Daniel Urrabieta Vierge was born in Madrid, Spain on March 5, 1851. His Father Vincent was also a professional artist and he encouraged Daniel to draw from the time he was three. Vierge was rarely without his drawing tools after that age. At thirteen he was entered into the Academy in Madrid and studied under Francisco Pradilla y Ortiz, Federico Madrazo and José Villegas Cordero. Vierge received his first assignment when he was sixteen illustrating Madrid la Nuit.
With money from his work he decided to move to Paris to study painting but the outbreak of the Franco Prussian War kept him from entering the academies there. Instead he chronicled the war and sold the illustrations to Le Monde Illustre and other periodicals. By the age of 21 he was a highly sought after illustrator of books and magazines.
Vierge is considered the father of modern illustration. He worked to incorporate his illustrations into the text and he helped develop a process to copy the art directly to a plate for printing avoiding the translation of a wood engraver. This produced a line quality unique in the publishing world a the time. Vierge worked in Guache, pen and pencil. His ink work was done with a glass pen on Bristol Board. His working method was to always sketch from life, quick vignettes of everything around him. These sketchbook illustrations would be used as the basis for his professional work. He rarely used models for assignments having so much information collected over the years. His facile handling and expressive, fliud line work kept him one of the most sought after illustrators of his day.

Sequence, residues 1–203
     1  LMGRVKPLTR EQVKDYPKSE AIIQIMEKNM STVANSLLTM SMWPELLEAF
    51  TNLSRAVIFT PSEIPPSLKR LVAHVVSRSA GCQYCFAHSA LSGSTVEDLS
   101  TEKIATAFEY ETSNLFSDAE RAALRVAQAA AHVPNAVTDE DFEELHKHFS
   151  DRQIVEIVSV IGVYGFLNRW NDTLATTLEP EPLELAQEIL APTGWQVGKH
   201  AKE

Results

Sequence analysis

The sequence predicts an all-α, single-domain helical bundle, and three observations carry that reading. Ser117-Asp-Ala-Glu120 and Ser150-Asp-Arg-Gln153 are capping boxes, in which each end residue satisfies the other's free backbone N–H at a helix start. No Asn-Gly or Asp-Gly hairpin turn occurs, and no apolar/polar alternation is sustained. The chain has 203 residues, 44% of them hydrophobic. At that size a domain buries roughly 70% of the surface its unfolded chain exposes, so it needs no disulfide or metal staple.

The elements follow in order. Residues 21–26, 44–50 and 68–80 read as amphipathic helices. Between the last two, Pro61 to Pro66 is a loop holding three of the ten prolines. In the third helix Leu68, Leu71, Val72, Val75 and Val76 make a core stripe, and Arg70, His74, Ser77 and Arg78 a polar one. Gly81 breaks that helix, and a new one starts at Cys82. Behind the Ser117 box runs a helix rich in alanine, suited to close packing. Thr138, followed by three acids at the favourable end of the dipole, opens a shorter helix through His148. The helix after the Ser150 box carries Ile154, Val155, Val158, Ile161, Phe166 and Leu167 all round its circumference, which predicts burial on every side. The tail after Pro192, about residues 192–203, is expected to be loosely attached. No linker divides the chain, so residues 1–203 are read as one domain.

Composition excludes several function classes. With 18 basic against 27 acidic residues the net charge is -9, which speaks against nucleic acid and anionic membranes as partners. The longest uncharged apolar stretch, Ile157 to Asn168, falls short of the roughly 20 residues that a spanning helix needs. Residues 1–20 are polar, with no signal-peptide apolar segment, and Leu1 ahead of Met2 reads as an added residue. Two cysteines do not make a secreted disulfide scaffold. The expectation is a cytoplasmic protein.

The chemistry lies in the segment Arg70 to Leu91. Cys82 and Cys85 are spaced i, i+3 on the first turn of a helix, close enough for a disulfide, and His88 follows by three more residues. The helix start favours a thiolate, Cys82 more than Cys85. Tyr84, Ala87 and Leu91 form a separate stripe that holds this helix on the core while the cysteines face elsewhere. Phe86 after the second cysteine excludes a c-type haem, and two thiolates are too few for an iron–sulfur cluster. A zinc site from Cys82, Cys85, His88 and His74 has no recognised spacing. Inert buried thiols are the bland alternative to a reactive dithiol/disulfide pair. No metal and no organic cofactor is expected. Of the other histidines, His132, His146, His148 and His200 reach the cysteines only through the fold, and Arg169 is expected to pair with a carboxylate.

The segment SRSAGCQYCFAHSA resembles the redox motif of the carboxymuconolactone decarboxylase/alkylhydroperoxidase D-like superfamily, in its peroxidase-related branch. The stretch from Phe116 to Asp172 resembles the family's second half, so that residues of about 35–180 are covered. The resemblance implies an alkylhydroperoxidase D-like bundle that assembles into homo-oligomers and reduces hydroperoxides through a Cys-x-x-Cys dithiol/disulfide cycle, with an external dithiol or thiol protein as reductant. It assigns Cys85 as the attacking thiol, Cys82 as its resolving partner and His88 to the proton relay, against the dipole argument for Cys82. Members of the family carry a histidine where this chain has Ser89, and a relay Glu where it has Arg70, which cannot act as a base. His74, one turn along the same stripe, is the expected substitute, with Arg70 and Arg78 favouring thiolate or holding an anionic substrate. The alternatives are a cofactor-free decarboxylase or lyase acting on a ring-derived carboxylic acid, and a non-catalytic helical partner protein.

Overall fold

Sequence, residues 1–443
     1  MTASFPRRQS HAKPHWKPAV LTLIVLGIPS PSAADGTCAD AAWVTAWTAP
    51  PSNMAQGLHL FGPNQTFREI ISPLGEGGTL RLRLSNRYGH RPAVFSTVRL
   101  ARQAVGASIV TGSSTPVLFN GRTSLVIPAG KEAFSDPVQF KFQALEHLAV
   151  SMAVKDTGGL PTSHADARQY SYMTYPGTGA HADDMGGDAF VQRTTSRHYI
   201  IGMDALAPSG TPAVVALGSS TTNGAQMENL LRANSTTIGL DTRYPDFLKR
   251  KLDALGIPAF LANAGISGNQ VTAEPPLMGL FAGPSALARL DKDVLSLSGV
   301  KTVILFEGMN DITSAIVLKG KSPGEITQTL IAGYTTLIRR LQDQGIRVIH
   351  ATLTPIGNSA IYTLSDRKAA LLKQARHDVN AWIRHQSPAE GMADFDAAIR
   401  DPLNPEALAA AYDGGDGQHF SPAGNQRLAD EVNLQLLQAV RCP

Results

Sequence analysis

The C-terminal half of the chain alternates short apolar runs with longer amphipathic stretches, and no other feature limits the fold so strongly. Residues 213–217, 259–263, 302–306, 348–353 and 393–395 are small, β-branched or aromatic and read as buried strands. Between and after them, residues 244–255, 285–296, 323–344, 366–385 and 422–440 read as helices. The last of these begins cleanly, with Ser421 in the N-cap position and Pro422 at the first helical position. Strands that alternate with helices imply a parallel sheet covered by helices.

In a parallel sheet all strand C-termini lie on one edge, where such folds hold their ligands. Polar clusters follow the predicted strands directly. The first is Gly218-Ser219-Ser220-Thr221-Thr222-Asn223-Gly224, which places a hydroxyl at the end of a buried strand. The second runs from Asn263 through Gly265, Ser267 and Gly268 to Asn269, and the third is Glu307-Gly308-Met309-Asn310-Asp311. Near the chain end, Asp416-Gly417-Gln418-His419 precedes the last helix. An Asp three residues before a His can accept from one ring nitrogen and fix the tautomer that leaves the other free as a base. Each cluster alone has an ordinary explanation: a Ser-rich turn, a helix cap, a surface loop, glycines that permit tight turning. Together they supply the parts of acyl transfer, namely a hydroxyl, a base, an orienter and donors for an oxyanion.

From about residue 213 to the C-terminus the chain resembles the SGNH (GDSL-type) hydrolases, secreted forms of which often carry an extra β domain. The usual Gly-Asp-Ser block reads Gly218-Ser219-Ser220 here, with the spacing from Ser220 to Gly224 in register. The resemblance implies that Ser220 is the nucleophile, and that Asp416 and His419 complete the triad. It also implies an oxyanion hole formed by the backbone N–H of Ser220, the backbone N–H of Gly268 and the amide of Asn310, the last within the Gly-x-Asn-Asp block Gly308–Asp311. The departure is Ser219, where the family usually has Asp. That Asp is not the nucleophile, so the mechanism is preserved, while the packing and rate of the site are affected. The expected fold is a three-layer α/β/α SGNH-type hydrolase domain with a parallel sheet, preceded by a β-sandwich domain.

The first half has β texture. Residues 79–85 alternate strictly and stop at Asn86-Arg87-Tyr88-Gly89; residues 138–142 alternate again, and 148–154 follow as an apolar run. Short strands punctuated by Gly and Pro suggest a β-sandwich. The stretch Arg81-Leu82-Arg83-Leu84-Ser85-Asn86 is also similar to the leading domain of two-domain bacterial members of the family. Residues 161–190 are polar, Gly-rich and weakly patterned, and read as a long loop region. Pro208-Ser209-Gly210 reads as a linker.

His largest assignment was Michelet’s History of France containing 1000 drawings in 26 volumes. Vierges best known work was to be Pablo De Segovia. Vierge would create 110 illustrations for the book. After completing the first 90 illustrations he had a stroke which left him paralyzed on the right side of his body, unable to draw and with short term memory loss; he was 30 years old.
Vierge spent almost ten years retraining his left hand to draw as well as he could with his right. The second edition of Pablo De Segovia had all 110 illustrations; the last twenty finished by Vierge left handed; they are indistinguishable from his earlier work. He had to have someone repeat the passages to him over and over again while he drew them because of his memory loss which eventually was cured.
In 1889 he was awarded a gold Medal at the Paris Exhibition for his work on Pablo De Segovia. His last work was the four volume set of Don Quixote, creating 75 illustrations for Cervantes Classic. Vierge never regained the use of his right hand. Daniel Vierge died at Boulogne-sur-Seine in May 1904 at the age of 53.
Google books has free complete copies of some of the books illustrated by Vierge including On the Trail of Don Quixote
and Don Quixote
. The books are in .pdf format complete with all of the illustration albeit in slightly fuzzy scans.
Daniel Urrabieta Vierge in the collection of the Hispanic Society of America
Elizabeth du Gué Trapier
New York, 1936
Pablo De Segovia the Spanish Sharper
Fransico De Quevedo
Work is the greatest fun in the whole world it is the only fun I want to have.
Rene Bull was born in 1872 in Dublin, Ireland. His father was English and his mother French
Rene studied engineering in Paris but decided he wanted to pursue art and took drawing lessons from the famous cartoonist Emmanuel Poiré who went by the pseudonym Caran d’ Ache.
When Rene returned to England in 1892 he settled in London and began creating wordless cartoons for Illustrated Bits and Pick Me Up.
In 1896 he became a war artist for the Black and White news magazine. He covered the Afghan War the Armenian Massacre and the Greco Turkish War. In 1900 he was severely wounded covering the Boer War.
Returning to England he worked as an illustrator and cartoonist. He is most remembered for his illustrations for The Arabian Nights in 1912 and The Rubaiyat of Omar Khayyam in 1913 and Gulliver’s Travels in 1928.
Rene Bull died in 1942